Senate, Senate, Senate. Of course it’s the most important battle this fall, the top fight on the card. But there’s a lot of other action to watch. I’ll write plenty about Senate races between now and Election Day, but today, let’s look at the key governors races. From a liberal point of view, there are five that are clearly the most important; five where taking out the right-wing incumbent would be gratifying either for its own sake, for what it might suggest about 2016, or in some cases both. Here we go, in order:
1. Rick Scott, Florida. Scott seems to be maintaining a slender lead over Republican-turned-Democrat Charlie Crist, who’s running against him. But it’s all margin-of-error stuff at this point—Scott leads narrowly in most polls, and every so often one finds Crist ahead. There is a third candidate, Libertarian Adrian Wyllie, who’s running between 4 and 8 percent and, according to one poll, drawing equally from Scott and Crist.
The most important thing about this race is not political but—lo and behold!—substantive. If Crist wins, the biggest state in the union that is not participating in Obamacare may do so. Governor Crist would have to battle with the legislature about accepting the Medicaid money, but this has been a central plank of his campaign, just as refusing the money has been central to Scott’s campaign. If Crist were to win and push acceptance of the funds through, the state could gain $66 billion in federal dollars over the next decade and insure 1.1 million more people. It’d be a huge step forward for the Affordable Care Act.
And of course there are 2016 ramifications as well. In most states that have taken the Medicaid money, doing so has turned out to be pretty popular. If Crist gets in and manages to implement Obamacare in a reasonably successful way, that has to help whoever the Democratic candidate is. And when a party controls a governor’s mansion, its donor base is more engaged and its network of local activists and volunteers is more energized.
2. Scott Walker, Wisconsin. I’m confident I speak for all of American liberalism when I say we’d to see this smarmy, smug, self-satisfied little blobfish go down to defeat. Right now, he’s basically tied with Democrat Mary Burke. He’s ahead by three points in one recent poll, she’s up four in another. One factor that could help Walker in turnout terms is that, of the state’s eight congressional districts, the only two in which the races are competitive are GOP-leaning districts, so that could push Republican turnout up a bit. On the other hand, Obama’s job approval in Wisconsin isn’t so bad, at 45-49, so it’s not like a Kentucky or Arkansas, where loads of conservative voters are going to vote just to register their animus toward the president.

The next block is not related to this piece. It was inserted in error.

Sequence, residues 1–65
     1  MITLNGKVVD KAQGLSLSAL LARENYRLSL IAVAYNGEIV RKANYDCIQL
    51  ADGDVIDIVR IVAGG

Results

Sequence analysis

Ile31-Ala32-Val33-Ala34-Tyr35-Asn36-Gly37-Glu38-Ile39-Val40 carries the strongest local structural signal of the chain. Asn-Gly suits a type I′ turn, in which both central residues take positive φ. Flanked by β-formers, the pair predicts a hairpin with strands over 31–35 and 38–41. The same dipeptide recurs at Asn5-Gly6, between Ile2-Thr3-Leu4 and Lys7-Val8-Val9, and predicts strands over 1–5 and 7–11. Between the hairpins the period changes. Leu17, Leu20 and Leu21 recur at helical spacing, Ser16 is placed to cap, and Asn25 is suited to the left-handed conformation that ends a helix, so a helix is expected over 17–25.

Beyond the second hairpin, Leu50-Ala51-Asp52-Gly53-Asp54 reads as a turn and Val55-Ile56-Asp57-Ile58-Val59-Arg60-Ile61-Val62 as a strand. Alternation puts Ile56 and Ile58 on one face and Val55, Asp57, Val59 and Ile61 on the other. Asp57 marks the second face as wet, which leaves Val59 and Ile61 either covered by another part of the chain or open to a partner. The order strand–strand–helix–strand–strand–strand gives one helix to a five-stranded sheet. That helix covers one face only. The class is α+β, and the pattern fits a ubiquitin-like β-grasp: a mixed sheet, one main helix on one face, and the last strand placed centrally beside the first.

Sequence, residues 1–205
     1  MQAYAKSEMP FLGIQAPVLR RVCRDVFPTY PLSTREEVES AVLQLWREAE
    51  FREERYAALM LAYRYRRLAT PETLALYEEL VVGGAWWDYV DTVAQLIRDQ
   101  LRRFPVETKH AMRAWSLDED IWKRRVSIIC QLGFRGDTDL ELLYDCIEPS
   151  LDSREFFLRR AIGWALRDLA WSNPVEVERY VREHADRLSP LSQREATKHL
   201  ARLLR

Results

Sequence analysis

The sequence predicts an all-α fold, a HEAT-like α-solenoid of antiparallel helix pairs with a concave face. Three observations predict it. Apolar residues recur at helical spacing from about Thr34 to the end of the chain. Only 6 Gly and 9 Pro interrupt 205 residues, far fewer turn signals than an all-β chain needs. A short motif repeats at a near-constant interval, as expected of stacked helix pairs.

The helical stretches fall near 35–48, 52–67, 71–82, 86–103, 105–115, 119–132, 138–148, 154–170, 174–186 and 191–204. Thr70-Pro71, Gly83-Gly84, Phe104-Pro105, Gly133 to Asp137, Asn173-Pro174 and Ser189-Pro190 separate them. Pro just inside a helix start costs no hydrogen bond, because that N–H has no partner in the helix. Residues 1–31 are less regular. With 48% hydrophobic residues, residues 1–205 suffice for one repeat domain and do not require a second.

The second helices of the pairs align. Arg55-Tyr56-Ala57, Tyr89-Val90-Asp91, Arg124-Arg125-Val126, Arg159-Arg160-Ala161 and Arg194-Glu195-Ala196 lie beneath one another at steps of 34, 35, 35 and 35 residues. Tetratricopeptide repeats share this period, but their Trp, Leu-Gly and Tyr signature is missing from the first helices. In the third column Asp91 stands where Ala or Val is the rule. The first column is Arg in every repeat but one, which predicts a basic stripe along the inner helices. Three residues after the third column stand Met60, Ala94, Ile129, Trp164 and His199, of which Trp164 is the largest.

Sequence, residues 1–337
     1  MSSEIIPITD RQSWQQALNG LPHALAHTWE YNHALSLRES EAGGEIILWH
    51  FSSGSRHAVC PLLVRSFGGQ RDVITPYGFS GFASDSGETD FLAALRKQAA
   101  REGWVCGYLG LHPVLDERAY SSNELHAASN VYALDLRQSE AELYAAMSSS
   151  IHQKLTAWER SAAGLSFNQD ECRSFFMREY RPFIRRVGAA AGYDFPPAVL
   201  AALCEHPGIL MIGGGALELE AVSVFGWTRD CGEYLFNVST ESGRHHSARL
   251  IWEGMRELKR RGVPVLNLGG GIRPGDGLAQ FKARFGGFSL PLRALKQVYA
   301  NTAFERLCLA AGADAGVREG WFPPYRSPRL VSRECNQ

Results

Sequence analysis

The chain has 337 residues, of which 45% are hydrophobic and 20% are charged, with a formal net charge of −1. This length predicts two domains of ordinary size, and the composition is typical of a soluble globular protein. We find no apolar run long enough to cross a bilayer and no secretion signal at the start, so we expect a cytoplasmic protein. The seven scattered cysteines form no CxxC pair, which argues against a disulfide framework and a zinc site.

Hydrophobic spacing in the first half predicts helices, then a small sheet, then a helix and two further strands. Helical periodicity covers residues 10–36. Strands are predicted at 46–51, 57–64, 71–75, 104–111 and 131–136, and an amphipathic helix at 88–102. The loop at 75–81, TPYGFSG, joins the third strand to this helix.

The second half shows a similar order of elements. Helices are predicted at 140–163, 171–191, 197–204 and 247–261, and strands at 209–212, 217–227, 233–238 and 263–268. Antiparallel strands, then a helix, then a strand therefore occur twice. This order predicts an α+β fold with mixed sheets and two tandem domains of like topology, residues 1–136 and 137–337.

I rank Walker second on my list because he’s a potential presidential contender for 2016. The conventional wisdom now in Washington is that he’s the 2016 Tim Pawlenty—the guy who looks good on paper but isn’t ready for prime time. But who knows, the conventional wisdom is wrong all the time about these things. And if somehow Walker were to demonstrate that he’s ready for prime time and capture the Republican nomination, then there’s a chance he could win—only a chance, I think—his home state, and that’s 10 electoral votes that would really alter the Electoral College calculus (the Democrats haven’t lost Wisconsin since 1984). Better just to take him out now and not have to worry about such exigencies.